Our “new” farmstead fixer-upper was built in 1978, and many of the original owner’s design aesthetics seem to have creeped into 2019! Cabinets, flooring, trim, and wallpaper (some of it painted over, yeesh!!!) all seem to be circa 1978!
More expensive updates such as cabinets and flooring will have to wait, but simple fixes such as a fresh coat of paint, replacing ivory outlets and switches with white, and simply giving everything a good scrub was the very first sweat equity we put into our new home!
Even after the walls were painted with my fresh gray palette and the outlets and switches were updated with the help of my father-in-law and husband, the air return grates and in-floor vent covers were a terrible eyesore. They were beat up, a dated ivory color, filthy dirty, and missing screws to hold them in place.
A quick online search revealed that completely replacing the vent covers would cost me between $12 and $20 per piece. With the number of vents in our house, it could have easily cost me hundreds of dollars that I would much rather use elsewhere. With older homes, it can sometimes be difficult to find covers that fit the current openings, as well, which would lead to additional costs to fabricate custom pieces or modify the openings in the floor and wall.
How to Update Ugly Vent Covers
Here’s what you’ll need to get started:
- Screwdriver or electric drill with appropriate head to remove wall grates
- Vacuum with brush attachment
- Soap and water (I used regular Dawn dish soap)
- Rust-oleum Gloss Protective Enamel Spray Paint
- Sheet Metal Screws (optional, if your old screws get destroyed or are missing)
Most of you have a screwdriver and vacuum with brush attachment at home, as well was soap and water! You can find spray paint on Amazon.com and have it shipped directly to your door, or you can pick it up at almost any hardware store.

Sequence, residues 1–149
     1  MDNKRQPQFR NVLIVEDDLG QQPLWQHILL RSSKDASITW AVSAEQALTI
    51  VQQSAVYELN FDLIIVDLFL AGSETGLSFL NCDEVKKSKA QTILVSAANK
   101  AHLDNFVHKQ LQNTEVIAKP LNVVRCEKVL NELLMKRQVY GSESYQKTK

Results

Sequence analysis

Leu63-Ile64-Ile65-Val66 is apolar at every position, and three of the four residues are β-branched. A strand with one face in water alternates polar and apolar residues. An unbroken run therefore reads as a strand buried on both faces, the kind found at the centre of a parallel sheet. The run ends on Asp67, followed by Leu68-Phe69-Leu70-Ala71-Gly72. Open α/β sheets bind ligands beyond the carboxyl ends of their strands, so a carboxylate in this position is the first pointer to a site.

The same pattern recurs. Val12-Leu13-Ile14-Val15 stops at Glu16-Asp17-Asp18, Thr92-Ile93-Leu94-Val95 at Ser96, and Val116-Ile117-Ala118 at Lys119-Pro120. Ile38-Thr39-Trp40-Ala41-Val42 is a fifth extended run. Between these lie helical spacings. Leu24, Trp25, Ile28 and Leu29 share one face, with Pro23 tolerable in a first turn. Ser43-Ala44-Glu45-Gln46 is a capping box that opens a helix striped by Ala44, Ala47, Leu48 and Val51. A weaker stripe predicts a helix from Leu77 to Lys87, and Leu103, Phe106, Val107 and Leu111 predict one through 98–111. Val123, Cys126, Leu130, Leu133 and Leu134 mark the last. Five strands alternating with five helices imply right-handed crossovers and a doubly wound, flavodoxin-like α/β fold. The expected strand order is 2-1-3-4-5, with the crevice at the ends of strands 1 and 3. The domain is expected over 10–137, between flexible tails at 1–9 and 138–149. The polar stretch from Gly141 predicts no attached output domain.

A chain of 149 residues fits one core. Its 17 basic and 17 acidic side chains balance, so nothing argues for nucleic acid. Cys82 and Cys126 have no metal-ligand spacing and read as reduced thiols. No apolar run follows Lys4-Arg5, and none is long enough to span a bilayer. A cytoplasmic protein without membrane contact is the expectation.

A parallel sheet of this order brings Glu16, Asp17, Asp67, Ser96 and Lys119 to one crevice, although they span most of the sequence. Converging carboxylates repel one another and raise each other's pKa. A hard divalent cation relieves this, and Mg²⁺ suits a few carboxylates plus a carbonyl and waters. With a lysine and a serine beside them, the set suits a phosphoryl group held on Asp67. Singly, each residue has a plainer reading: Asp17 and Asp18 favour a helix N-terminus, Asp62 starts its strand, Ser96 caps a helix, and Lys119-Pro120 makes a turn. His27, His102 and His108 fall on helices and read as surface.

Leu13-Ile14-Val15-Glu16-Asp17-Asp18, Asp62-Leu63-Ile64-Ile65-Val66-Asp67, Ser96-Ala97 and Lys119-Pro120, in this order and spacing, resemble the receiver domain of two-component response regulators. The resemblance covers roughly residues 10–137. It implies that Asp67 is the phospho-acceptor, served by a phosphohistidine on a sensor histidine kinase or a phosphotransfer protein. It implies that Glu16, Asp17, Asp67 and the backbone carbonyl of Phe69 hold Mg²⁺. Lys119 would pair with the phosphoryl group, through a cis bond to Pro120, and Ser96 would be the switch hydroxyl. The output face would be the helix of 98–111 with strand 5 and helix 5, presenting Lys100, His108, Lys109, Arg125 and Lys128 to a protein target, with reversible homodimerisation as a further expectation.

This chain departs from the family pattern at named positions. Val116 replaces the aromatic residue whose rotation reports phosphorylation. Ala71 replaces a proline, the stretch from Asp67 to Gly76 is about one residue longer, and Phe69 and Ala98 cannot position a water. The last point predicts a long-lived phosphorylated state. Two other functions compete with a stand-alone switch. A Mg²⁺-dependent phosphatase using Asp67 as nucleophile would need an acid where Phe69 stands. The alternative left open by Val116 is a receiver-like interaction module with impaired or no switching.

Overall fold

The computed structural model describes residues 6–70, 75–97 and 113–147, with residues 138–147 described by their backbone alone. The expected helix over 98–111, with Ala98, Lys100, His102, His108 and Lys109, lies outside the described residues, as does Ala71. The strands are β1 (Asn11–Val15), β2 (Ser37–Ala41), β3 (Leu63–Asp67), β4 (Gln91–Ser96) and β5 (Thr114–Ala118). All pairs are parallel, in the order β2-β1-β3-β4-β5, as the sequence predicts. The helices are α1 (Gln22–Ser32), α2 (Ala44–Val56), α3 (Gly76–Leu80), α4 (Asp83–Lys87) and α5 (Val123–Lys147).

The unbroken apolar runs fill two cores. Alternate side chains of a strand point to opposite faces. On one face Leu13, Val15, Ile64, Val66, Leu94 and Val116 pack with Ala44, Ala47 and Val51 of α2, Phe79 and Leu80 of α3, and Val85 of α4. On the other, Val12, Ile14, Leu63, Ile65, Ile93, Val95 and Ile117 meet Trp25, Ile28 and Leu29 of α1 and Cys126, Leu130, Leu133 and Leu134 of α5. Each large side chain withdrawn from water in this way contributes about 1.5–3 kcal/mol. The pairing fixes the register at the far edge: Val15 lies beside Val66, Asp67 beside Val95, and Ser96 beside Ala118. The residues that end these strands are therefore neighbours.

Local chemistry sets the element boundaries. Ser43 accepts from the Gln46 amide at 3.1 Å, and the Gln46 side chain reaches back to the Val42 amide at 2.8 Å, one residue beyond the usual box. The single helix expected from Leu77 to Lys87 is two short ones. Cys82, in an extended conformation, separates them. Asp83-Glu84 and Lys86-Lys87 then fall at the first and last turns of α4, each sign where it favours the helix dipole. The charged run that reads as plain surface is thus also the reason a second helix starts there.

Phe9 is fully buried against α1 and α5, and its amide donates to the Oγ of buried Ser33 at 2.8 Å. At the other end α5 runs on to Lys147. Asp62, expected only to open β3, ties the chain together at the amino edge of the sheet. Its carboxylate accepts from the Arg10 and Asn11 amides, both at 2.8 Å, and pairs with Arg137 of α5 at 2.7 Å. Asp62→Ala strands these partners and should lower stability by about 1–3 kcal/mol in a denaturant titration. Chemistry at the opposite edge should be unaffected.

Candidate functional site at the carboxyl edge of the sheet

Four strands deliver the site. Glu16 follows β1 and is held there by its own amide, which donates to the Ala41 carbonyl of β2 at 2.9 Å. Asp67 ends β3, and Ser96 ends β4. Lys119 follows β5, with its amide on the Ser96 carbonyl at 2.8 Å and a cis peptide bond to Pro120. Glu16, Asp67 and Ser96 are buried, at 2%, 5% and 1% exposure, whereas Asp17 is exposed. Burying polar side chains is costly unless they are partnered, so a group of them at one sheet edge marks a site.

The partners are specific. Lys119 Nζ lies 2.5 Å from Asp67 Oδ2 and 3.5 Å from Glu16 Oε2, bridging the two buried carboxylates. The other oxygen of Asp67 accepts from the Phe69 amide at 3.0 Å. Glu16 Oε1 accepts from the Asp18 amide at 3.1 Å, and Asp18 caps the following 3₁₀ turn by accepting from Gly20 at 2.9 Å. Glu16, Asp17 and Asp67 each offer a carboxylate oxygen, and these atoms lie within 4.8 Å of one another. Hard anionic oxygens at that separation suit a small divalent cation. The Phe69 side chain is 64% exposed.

You want a high-quality spray paint that can take a beating and stops rust, which is why I’m recommending this specific spray paint. It might seem like vent covers just sit in your wall or floor, but think about the many times that you’ve rammed it with your vacuum cleaner or dropped something on them.
1. Remove the Vent Covers
First, use your screwdriver or drill to remove the screws from the vent covers (floor vents don’t usually have screws, only wall mounted covers). I found that many of the screws holding my vent covers in place were completely stripped, and pulling them out with a vice grip destroyed them. Make sure to save at least one screw so you can bring it to the hardware store to find the correct replacement.
Once you open up the vents, you’ll likely find more dust and debris than you ever thought possible. It is absolutely disgusting what is stuck in there. I actually found the pages of books, craft beads, and a CD behind the wall!
If you’re lucky, a thorough vacuuming with the brush attachment and a quick wipe-down with hot, soapy water will remove the dust buildup from the grates. If grime is caked on with grease…and who knows what else…it may require a soak in the bathtub with hot soapy water. The vents nearest the kitchen were the ones I needed to soak, so be warned! Rinse the grates well and allow to dry before painting.